Unintended Consequences

Oppose the FDA's Proposed Menthol Cigarette Ban
Unintended Consequences is a project of the Law Enforcement Action Partnership

Policies that amount to prohibition have serious racial justice implications.

Menthol Ban Consequence

Multiple prison terms under three-year strikes and other repeat offender statutes

Menthol Ban Consequence

Immediate revocation of parole; immediate return to prison

Menthol Ban Consequence

Voter disenfranchisement in states that remove the right to vote for felony convictions

Menthol Ban Consequence

Deportation, even for people with legally-issued visas

ATTN: The Honorable Robert Califf
℅: Dockets Management Staff (HFA-305)
Food and Drug Administration
5630 Fishers Lane, Rm. 1061
Rockville, MD 20852

Dear Commissioner Califf,

I oppose the FDA’s proposed menthol cigarette ban, and I urge the FDA to reconsider its position. Prohibiting the preferred cigarette choice of Black smokers unfairly targets them and ignores what’s going on between police and communities of color.

Banning the sale of these mentholated cigarettes to adults, 21 and older, will trigger criminal prosecutions across the country (the sale and distribution of prohibited tobacco products is a crime in all 50 states, and in 37 of those, simple possession of prohibited tobacco triggers criminal penalties), increase the occurrence of negative interactions with police within your targeted communities, and likely lead to an increase in incarceration rates, just like in the War on Drugs.

Instead of a top-down approach that ignores community concerns, the FDA should evaluate the impact on our neighborhoods and take community-based health care approaches that are already proven to work for our communities.

I don’t want to see what happened to Eric Garner happen to any of my friends, my family, or any one else in my community.

Thank you for your time and deliberation on this matter.

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Submit your comments to the FDA by August 2, 2022, 5pm ET

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Dr. Ben Chavis PSA

Gwen Carr PSA

Major Neill Franklin PSA

"No one thinks smoking is a good idea, but as a former drug cop, these bans do not reduce use. We don't need more reasons for police to stop young Black and Brown men. Bans do not work. Public education works to reduce smoking. Let's do what works instead of putting people in handcuffs and endangering lives."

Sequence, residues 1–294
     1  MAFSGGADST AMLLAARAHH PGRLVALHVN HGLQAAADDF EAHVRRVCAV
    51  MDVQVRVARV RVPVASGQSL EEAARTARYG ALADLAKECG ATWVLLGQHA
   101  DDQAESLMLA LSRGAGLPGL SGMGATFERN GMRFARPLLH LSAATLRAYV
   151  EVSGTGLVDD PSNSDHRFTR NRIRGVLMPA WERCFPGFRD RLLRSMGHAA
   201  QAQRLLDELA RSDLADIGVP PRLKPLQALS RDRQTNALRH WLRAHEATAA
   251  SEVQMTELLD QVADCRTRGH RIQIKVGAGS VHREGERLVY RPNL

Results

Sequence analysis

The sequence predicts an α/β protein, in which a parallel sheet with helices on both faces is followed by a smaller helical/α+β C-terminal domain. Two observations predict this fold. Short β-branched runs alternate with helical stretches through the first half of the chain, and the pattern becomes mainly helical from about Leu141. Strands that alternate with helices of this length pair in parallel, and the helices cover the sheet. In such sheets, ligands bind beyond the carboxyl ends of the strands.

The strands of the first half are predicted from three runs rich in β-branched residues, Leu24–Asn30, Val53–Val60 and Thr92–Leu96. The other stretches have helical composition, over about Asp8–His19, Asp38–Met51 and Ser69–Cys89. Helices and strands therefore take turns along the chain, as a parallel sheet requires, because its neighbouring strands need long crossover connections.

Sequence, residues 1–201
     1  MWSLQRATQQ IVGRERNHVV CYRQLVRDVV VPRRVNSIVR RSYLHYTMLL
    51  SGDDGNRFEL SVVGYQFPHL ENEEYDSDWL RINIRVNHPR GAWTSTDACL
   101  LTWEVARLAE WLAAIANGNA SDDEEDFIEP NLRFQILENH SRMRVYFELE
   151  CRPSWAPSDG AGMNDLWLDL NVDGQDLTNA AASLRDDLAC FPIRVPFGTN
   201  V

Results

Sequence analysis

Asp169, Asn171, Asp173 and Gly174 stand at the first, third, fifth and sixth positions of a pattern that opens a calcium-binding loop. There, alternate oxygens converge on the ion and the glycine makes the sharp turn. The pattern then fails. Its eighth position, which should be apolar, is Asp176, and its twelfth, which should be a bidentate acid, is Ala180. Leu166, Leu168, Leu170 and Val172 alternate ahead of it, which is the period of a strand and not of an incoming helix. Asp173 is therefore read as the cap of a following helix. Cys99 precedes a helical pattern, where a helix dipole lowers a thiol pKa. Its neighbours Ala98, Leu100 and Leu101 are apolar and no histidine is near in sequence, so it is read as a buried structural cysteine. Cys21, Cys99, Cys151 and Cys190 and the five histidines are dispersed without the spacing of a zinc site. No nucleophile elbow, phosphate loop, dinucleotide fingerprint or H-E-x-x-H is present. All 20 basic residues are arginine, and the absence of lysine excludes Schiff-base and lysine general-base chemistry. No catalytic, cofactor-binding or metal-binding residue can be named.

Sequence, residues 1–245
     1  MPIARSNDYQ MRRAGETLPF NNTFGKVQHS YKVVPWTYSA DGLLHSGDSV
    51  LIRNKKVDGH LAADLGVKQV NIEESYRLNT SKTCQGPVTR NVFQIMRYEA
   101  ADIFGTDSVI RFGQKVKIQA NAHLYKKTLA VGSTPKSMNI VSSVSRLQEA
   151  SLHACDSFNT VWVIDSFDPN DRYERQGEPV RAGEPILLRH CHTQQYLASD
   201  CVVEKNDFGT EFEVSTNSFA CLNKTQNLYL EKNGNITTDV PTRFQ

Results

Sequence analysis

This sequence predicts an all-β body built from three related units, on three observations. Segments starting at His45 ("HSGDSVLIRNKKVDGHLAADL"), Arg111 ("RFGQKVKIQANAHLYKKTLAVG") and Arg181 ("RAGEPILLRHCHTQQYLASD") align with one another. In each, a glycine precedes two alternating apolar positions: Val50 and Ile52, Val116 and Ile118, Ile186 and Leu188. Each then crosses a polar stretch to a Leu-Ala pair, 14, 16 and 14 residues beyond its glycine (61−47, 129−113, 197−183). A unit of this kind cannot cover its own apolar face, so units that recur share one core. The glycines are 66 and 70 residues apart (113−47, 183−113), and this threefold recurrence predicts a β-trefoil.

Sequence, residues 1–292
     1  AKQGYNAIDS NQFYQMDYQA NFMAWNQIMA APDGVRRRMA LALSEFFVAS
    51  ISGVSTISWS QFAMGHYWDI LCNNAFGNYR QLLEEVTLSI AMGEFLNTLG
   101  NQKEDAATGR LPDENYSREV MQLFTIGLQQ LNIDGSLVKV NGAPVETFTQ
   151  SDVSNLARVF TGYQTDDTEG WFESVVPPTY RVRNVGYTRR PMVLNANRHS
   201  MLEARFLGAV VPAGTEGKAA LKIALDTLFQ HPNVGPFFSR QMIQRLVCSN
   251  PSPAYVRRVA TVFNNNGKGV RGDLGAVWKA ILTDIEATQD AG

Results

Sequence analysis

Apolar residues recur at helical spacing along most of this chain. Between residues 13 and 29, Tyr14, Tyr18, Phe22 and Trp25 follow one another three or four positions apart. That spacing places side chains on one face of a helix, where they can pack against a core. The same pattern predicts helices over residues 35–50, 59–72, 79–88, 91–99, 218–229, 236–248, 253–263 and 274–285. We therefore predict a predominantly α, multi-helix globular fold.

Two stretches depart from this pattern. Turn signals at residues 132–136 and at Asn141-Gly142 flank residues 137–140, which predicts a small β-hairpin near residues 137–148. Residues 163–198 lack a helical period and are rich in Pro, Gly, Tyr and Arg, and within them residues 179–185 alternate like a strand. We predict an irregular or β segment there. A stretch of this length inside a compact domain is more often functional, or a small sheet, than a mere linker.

Major Neill Franklin (Ret.)
Major Neill Franklin (Ret.) Maryland State Police/Former Executive Director, LEAP

"My family knows only too well what can happen when police enforce tobacco control laws. Black people have already paid too high a price for discriminatory laws."

Gwen Carr
Gwen Carr Mother of Eric Garner/Founding Member, Mothers of the Movement

"Banning menthols preferred by over 80% of African Americans who choose to smoke is racial profiling because the ban does not apply to cigarettes preferred by white smokers."

Dr. Benjamin Franklin Chavis
Dr. Benjamin Franklin Chavis President & CEO of the National Newspaper Publishers Association

"This ban will continue to perpetuate health and policing disparities in communities of color instead of alleviating either problem. Smoking rates are down across demographics - that wasn't achieved through bans. It was achieved through public education campaigns and proven cessation methods."

Lt. Diane Goldstein (Ret.)
Lt. Diane Goldstein (Ret.) Redondo Beach Police Dept./Executive Director, LEAP

The FDA proposed a ban prohibiting menthol as a characterizing flavor in cigarettes. Before this ban was proposed, the Law Enforcement Action Partnership (LEAP), along with a bipartisan coalition of subject matter experts from various civil rights, drug policy, and law enforcement organizations, sent a letter to Secretary Xavier Beccara of the US Dept. of Health and Human Services and Commissioner Robert Califf of the US FDA stating that such a ban would adversely impact people of color and trigger unnecessary criminal penalties.

The idea that we should ban menthol flavored cigarettes, the preferred choice of Black smokers, disregards the tension between police and communities of color.

A regulatory ban on menthol cigarettes will shift these products from the legal, regulated market to the illegal, unregulated market.

A regulatory ban will criminalize the sale and distribution of these products, not only under federal law, but under the law of all 50 states.

The FDA says it won't enforce criminal provisions of the FDA Act, but that doesn't help, because the ban will create an enormous problem under state and federal law.

Criminalizing menthol cigarettes will have a devastating impact on criminal justice reform and undermine harm reduction.

Tobacco-Related Bans in the News

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